17-19 God gave these four young men knowledge and skill in both books and life. In addition, Daniel was gifted in understanding all sorts of visions and dreams. At the end of the time set by the king for their training, the head of the royal staff brought them in to Nebuchadnezzar. When the king interviewed them, he found them far superior to all the other young men. None were a match for Daniel, Hananiah, Mishael, and Azariah.

19-20 And so they took their place in the king’s service. Whenever the king consulted them on anything, on books or on life, he found them ten times better than all the magicians and enchanters in his kingdom put together.

21 Daniel continued in the king’s service until the first year in the reign of King Cyrus.

The Message (MSG)

Copyright © 1993, 1994, 1995, 1996, 2000, 2001, 2002 by Eugene H. Peterson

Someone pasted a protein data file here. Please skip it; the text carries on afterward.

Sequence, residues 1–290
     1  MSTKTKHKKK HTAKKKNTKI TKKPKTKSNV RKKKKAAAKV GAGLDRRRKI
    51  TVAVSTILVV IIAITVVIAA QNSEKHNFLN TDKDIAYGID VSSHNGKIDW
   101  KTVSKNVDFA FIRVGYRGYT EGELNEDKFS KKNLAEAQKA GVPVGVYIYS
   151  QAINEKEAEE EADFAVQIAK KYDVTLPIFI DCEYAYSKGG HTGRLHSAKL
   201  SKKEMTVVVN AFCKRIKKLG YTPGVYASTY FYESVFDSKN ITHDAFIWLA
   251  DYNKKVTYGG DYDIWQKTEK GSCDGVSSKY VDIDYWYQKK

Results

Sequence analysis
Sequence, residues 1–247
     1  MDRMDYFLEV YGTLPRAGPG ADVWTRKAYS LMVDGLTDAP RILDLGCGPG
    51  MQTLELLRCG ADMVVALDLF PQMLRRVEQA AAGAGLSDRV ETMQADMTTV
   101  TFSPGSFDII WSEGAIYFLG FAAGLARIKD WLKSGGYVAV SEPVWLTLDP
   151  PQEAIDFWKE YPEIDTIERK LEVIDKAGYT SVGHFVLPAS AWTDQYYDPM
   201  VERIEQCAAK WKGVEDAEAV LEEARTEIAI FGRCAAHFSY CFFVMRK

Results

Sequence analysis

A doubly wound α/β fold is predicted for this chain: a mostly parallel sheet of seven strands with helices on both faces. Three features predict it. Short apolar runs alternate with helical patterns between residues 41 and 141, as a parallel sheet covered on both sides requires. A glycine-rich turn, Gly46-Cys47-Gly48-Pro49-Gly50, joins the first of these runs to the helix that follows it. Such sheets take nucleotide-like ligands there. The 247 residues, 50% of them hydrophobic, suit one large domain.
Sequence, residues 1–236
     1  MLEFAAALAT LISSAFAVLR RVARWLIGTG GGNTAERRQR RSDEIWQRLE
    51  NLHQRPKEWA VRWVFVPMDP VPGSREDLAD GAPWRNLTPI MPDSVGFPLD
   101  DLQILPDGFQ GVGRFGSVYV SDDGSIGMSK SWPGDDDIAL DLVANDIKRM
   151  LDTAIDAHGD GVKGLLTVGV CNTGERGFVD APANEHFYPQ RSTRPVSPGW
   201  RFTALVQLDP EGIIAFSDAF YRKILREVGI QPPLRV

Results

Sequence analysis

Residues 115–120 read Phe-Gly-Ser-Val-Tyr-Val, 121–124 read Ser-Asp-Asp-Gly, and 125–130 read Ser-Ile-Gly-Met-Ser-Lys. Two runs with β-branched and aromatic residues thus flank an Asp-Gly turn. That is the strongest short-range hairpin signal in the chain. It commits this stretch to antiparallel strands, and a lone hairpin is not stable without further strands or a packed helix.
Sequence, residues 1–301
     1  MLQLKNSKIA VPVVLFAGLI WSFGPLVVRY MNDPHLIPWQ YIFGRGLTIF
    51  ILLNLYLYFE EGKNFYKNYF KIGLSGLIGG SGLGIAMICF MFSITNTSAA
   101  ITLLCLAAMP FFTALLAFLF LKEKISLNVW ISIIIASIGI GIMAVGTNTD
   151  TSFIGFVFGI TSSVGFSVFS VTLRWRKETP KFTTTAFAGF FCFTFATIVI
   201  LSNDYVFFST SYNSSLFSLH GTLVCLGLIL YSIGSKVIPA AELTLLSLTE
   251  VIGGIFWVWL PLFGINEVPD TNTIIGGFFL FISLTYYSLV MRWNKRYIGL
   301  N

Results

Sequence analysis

Daniel 1New Living Translation (NLT)

Daniel in Nebuchadnezzar’s Court

During the third year of King Jehoiakim’s reign in Judah,[a] King Nebuchadnezzar of Babylon came to Jerusalem and besieged it. The Lord gave him victory over King Jehoiakim of Judah and permitted him to take some of the sacred objects from the Temple of God. So Nebuchadnezzar took them back to the land of Babylonia[b] and placed them in the treasure-house of his god.

Then the king ordered Ashpenaz, his chief of staff, to bring to the palace some of the young men of Judah’s royal family and other noble families, who had been brought to Babylon as captives. “Select only strong, healthy, and good-looking young men,” he said. “Make sure they are well versed in every branch of learning, are gifted with knowledge and good judgment, and are suited to serve in the royal palace. Train these young men in the language and literature of Babylon.[c] The king assigned them a daily ration of food and wine from his own kitchens. They were to be trained for three years, and then they would enter the royal service.

Daniel, Hananiah, Mishael, and Azariah were four of the young men chosen, all from the tribe of Judah. The chief of staff renamed them with these Babylonian names:

Daniel was called Belteshazzar.
Hananiah was called Shadrach.
Mishael was called Meshach.
Azariah was called Abednego.